All this talk of this bunny’s path in life is surprisingly inspiring for me.  I’m not a big competitor, (and certainly not young enough or in the proper phase of life to go for that kind of lifestyle), and so my path in BJJ has not been defined by racking up wins at the various belt levels, and I’m finding that now, more than ever, I’m having to clarify what the hell it is I’m doing in this Art.  BJJ has been a template and a framework whereby I’ve sought to improve myself as a person and as an artist;  building effective Martial skill, and constantly striving to improve my character.  I don’t feel like I’m building skill simply for the sake of building skill, but rather as a path; that by traveling it,  I would be refined.  To be constantly in a state of unrest, always “wandering” and moving forward, never content to simply camp and be comfortable.

The feedback for positive progress in my jiu jitsu is so minute at this point; tiny angles, timing almost beyond perception, distribution of weight in a fleeting second, that it makes commitment to the plateaus an imperative (Mastery by George Leonard goes into this in depth).  My choice to follow this path isn’t determinate on daily success, but rather, daily success is determined by my choice to follow this path.  Everyday that I keep showing up is an investment in both the betterment of self and my incremental, progressing understanding of an art too deep for me to completely fathom.

I’ve often used the Black belt to represent a point where you’ve learned the rules to a really complex game, and now that you’ve got the gist of the thing, you can really start playing.  I remember reading an interview with Roger Gracie, who is arguably one of the greatest practitioners of BJJ alive, wherein he stated that after he had received his black belt he could “now really begin to learn jiu jitsu”.  This is from one of the most dominant competitors of all time.  To me, this just shows that no matter how good you are, you can always get better.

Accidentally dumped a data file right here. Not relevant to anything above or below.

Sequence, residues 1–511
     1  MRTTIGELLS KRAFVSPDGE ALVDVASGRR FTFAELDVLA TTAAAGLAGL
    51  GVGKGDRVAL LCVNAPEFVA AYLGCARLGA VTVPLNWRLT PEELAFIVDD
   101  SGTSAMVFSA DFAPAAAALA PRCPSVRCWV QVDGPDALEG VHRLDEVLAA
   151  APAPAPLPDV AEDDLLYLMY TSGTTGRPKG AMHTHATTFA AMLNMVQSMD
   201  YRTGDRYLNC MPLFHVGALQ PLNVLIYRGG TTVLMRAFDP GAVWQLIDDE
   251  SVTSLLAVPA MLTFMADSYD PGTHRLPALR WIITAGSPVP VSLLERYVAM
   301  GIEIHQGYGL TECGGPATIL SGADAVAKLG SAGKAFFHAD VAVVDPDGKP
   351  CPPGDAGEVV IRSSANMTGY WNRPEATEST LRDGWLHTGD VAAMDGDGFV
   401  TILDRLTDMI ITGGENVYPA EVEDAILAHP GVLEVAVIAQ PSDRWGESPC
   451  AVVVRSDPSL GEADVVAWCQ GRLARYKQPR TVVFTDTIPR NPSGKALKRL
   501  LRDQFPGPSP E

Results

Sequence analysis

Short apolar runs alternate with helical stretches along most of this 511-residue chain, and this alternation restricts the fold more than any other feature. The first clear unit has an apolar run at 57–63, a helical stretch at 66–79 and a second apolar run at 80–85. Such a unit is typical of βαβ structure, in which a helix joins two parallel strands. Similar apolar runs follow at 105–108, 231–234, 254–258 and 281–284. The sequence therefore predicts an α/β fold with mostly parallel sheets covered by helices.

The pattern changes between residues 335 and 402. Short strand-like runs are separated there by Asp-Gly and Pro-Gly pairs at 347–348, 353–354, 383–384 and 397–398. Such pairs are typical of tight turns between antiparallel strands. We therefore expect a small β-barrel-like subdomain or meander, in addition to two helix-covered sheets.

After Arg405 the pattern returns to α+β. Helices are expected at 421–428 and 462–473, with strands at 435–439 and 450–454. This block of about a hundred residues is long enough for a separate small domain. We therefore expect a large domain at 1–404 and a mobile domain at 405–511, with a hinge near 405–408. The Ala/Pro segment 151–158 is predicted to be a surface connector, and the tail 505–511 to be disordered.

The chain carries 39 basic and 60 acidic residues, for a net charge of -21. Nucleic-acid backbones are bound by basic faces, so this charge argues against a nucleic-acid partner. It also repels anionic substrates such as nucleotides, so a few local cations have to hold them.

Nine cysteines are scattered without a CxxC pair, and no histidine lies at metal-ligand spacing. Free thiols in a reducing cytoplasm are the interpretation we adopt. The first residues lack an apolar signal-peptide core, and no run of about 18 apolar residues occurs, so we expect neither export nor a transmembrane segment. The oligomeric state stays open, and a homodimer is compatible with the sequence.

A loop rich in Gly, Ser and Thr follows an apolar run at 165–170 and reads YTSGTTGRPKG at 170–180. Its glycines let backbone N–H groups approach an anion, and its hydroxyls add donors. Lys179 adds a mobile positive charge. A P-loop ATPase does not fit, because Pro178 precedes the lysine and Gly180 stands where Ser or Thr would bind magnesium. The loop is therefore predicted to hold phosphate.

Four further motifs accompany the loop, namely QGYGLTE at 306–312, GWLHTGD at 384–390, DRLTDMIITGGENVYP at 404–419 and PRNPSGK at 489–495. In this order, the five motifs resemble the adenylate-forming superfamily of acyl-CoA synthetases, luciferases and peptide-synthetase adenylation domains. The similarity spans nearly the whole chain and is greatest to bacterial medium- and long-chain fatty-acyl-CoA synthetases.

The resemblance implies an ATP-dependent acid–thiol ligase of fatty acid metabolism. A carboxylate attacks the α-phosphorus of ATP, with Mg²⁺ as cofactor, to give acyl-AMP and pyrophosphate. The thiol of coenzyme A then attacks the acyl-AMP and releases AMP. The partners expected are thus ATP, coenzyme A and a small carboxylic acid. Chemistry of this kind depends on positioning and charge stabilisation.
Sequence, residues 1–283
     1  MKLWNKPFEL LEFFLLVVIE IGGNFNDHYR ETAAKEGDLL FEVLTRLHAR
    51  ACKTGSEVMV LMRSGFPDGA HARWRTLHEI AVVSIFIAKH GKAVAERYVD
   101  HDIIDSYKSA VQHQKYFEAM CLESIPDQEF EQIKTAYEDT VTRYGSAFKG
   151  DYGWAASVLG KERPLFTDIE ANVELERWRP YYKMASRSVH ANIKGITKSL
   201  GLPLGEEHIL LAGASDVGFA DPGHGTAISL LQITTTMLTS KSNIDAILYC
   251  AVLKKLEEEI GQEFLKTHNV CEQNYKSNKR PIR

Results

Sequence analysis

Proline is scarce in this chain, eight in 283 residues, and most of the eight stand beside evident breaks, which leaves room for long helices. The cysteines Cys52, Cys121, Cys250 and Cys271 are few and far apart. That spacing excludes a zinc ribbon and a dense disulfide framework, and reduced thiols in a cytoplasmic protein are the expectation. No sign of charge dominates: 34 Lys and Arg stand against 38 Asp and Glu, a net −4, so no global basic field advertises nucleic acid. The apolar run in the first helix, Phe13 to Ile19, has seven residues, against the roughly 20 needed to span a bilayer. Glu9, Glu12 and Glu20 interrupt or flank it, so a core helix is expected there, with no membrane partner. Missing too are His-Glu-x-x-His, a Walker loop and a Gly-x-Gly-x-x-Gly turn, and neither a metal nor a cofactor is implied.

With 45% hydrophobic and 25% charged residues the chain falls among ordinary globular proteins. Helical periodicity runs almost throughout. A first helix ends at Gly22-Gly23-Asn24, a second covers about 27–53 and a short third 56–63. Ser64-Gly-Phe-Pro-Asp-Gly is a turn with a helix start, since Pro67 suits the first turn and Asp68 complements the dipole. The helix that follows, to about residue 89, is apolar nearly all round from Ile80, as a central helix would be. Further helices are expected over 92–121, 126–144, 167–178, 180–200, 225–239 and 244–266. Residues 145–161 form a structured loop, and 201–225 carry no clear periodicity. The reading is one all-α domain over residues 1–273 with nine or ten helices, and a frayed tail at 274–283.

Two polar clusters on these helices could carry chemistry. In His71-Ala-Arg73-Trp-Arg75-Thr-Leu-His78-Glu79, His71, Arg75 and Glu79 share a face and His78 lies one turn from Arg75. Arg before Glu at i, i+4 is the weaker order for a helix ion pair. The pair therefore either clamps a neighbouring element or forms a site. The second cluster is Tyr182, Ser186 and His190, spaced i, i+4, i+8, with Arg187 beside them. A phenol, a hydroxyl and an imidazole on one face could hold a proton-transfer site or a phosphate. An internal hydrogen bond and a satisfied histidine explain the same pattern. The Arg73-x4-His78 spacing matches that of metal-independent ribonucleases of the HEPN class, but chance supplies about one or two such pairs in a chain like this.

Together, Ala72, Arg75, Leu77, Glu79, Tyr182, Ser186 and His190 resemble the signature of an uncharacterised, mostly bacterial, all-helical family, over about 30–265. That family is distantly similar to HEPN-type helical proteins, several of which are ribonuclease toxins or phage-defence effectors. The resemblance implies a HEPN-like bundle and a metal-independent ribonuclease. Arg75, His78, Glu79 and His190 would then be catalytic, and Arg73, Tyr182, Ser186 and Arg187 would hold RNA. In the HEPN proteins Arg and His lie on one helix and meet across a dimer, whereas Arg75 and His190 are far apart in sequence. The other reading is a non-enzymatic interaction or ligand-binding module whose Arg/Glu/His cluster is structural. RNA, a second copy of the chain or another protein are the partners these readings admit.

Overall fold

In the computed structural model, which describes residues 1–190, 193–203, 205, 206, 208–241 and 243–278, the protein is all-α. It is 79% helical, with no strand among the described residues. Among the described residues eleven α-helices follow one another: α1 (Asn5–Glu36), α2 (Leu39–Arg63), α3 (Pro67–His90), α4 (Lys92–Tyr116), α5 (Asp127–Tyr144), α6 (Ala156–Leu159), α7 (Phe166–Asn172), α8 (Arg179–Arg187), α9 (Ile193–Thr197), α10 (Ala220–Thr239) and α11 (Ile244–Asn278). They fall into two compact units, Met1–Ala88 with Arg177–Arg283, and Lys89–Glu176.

So, while there is a plethora of information available about how to get better and the best way to improve, and the 7 things you MUST blah blah blah blah, it would seem, at least to my limited understanding, that the most important thing is that you simply keep showing up.   I know, I know, I should write a book.  It would fly off the shelves (what with it being only one page, a stiff breeze would do it).  The truth is, if you’re questioning your commitment, or you’re tormented by so and so who is always tapping you, or you’re looking for some kind of approval to make up a deficit in your life, you’re probably going to quit once you reach your goal.  If you want to attain the level of Black Belt to prove something to your peers or because you think it will imbue you with special powers (which it does of course, flight is awesome) then what you will mainly feel when you finally have that belt  (or get that degree, or receive that promotion at work) after the initial euphoria wears off,  is disappointment.  And that will suck.  Learn to love the path for the path itself.

This is, of course what I now have in front of me.  That even though I’ve found the transition to Faixa Preta more jarring than I expected, I am now more than ever commited to running a marathon, and not a sprint.  So now, without a tangible goal, I proceed into the wide open field, just one more rabbit with a sword.  Or something.